8 Etiquette Mistakes Everyone Makes at a Steakhouse

Updated: Apr. 04, 2024

Steakhouse etiquette is designed to create a formal-but-friendly experience. Prep before you eat by learning some of the most common mistakes.

Food - Beef dinner - Delicious grilled stake and potatoes served on a wooden tableLeStudio/Shutterstock

The $65 steak entree isn’t the only intimidating thing about an upscale steakhouse restaurant; they can be stuffy and full of rules. Since most of us only go out to eat at these special-occasion restaurants once or twice a year, it’s hard to keep track of what you should and shouldn’t be doing. Once you’re brushed up with your steakhouse etiquette, find out where the best steakhouse is in your state and treat yourself to a meal!

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beef steak with sauce
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Dousing your steak with steak sauce

If the chef wants the steak to be slathered in sauce, it will come to the table that way. Otherwise, it’s a faux pas to dump A1 steak sauce on your meat, especially if you haven’t tasted it yet! If you’re a sauce-on-your-steak kind of person, ask the server about housemade sauces that will pair well with your particular steak. They probably have things like garlic butter, peppercorn sauces or chimichurri.

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steak in the restaurant on the table / dinner in the restaurant, meat on the plate, served steak and cutlery

Cutting the steak all at once

The best way to eat steak is one bite at a time. Hold the knife in your right hand with your index finger extended down the back of the utensil. Then, holding the fork in your left hand, pin down the meat and cut a single bite in a zigzag motion. Finally, place the knife on the plate and transfer to fork to your right hand to take the bite.

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Some people had a good meal and almost finished up everything on the dining table in a cafe.
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Eating every last bite

You might think a clean plate means you loved every bite, but according to etiquette experts, it actually sends the wrong message. Leaving one bite of food on the plate shows that you were satisfied but not so hungry you licked the plate clean, which may indicate that you weren’t served enough food. See what other polite restaurant blunders we’re all making.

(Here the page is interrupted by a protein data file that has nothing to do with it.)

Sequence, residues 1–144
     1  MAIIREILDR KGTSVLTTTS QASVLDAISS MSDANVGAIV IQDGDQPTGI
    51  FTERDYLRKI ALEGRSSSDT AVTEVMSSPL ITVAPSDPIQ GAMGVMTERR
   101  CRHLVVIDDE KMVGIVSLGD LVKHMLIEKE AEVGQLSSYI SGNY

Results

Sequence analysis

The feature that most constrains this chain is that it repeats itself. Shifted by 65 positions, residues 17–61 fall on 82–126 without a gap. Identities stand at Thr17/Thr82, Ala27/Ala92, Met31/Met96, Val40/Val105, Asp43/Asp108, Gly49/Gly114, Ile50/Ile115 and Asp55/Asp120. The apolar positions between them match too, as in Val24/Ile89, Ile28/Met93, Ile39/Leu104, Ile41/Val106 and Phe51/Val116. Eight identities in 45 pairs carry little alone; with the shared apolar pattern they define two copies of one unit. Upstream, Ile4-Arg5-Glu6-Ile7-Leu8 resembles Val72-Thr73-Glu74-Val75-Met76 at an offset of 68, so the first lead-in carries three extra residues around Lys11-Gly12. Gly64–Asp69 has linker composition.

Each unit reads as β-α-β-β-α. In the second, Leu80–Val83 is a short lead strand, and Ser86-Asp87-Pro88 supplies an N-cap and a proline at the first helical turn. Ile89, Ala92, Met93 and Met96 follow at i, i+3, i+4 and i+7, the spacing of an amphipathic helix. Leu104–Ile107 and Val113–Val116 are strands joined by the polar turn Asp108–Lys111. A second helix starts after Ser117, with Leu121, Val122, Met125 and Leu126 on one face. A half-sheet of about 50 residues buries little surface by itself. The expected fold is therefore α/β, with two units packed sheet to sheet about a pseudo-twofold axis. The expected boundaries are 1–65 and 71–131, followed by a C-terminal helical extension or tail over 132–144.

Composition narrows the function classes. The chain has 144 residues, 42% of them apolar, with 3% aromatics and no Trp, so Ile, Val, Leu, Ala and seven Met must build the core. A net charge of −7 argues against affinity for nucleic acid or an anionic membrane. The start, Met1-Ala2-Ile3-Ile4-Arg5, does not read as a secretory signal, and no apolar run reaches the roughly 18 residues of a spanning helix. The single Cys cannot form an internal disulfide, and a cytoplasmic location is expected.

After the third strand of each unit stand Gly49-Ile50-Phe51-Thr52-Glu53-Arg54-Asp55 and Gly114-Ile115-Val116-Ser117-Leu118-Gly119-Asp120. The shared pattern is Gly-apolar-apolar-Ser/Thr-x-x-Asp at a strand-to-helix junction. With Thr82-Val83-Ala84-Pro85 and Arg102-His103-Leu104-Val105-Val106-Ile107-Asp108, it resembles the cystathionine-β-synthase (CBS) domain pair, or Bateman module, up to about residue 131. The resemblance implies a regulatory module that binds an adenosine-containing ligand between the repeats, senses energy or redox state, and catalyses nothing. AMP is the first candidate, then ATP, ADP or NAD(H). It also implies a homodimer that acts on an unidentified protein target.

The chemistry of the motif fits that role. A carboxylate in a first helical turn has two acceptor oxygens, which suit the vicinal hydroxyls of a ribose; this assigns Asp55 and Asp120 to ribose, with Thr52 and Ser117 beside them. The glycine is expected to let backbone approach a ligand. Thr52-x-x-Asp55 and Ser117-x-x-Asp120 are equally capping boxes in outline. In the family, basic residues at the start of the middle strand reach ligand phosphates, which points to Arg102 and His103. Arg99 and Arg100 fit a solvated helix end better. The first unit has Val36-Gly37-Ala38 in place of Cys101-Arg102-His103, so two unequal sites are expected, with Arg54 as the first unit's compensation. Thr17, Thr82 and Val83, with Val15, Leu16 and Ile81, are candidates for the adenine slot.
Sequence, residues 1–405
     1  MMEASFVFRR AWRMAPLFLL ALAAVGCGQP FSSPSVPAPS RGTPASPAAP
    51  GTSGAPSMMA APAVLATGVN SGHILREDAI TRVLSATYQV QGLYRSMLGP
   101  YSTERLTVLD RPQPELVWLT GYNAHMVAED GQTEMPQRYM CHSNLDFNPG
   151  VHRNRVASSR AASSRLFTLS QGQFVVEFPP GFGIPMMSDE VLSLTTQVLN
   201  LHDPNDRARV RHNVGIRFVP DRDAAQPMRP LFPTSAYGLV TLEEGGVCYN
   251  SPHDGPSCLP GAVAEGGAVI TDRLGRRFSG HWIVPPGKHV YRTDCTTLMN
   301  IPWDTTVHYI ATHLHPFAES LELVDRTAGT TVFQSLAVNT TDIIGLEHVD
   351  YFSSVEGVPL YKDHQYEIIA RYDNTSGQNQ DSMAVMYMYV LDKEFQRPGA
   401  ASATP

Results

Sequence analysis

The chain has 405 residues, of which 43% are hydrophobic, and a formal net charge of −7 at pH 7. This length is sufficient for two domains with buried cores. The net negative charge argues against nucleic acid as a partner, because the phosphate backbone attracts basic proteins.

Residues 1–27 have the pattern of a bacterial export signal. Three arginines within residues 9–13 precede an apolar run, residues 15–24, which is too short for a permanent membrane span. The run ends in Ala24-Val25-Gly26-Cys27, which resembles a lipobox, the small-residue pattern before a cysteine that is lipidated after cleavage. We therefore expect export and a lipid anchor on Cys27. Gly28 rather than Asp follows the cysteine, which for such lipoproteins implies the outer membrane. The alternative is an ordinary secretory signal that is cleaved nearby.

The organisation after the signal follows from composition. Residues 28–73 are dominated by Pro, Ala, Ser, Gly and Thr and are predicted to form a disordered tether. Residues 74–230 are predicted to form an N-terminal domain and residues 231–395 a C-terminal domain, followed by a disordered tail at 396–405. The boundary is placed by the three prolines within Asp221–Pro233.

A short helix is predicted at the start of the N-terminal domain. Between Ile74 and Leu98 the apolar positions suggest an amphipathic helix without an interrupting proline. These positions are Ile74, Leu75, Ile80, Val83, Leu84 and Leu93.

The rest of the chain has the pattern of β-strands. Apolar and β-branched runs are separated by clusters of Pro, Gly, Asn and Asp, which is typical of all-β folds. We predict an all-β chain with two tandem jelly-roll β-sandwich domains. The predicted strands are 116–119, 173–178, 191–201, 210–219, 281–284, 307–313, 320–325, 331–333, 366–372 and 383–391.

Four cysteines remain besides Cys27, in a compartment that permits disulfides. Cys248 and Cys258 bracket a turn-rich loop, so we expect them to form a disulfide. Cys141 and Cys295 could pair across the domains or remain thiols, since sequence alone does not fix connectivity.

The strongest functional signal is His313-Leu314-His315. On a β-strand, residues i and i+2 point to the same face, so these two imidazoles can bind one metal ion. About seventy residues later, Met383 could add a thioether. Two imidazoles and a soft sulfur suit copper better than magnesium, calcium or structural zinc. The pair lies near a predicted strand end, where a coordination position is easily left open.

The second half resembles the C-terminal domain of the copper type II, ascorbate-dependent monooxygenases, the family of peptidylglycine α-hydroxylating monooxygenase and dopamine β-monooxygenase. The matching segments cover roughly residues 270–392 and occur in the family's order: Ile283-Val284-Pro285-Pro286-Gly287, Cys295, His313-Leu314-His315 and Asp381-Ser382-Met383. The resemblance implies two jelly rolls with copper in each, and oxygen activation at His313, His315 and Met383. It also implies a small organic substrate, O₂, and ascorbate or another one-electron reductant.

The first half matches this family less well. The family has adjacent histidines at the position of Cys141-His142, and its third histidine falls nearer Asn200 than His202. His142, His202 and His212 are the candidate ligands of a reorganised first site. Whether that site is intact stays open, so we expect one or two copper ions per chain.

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Holiday table setting with Linen napkins and rose gold cutlery

Putting your napkin on the table

When you excuse yourself, don’t plop the napkin directly on the table. Instead, loosely fold the napkin and place it on your chair. The napkin shouldn’t ever be thrown onto your plate, even when you’re finished eating. It should be placed (again, loosely folded) to the left of the plate.

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Steak on the bone. tomahawk steak On a black wooden background.
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Chewing on the steak bone

This piece of advice may seem obvious, but you should never gnaw on an animal bone at the table if you’re in a fancy restaurant. It might seem tempting if the meat is delicious, but it’s best to keep your fingers away from the food at all times. That’s what the fork and knife is for!

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Fresh grilled meat.

Spitting out chewy pieces into a napkin

Even if you’re at one of the best steakhouses in the country, you may find a gristly piece of steak in the mix. If you spit it into your napkin, you may forget it’s there, stand up and have the bite go rolling around the dining room. Discretely take the piece out with your fingers and place it on the upper left corner of the plate. If you don’t like looking at it, ask the server for an extra napkin to remove the piece from sight.

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Man's style. dressing suit, shirt and cuffs

Not following the dress code

Dining is an informal business in most parts of the country, but many high-end restaurants still have a dress code (especially in cities like New York, Chicago and New Orleans). No one wants to show up for their reservation and be told they can’t enter the dining room. Be sure to ask before you arrive! To keep it casual, head to one of the country’s top steakhouse chains instead.

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Fork with pieces of delicious barbecued meat on gray background
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Ordering steak well-done

You should order steak how you like it, so if that’s a well-done steak then go for it. On the other hand, most steaks taste juicier and more flavorful if they’re cooked to medium-rare or medium. (That’s just one of the secrets steakhouse chefs want you to know!) Strike up a conversation with the server and let them know why you prefer well-done meat. They may be able to suggest a menu option that will still taste great when cooked to well-done temperatures.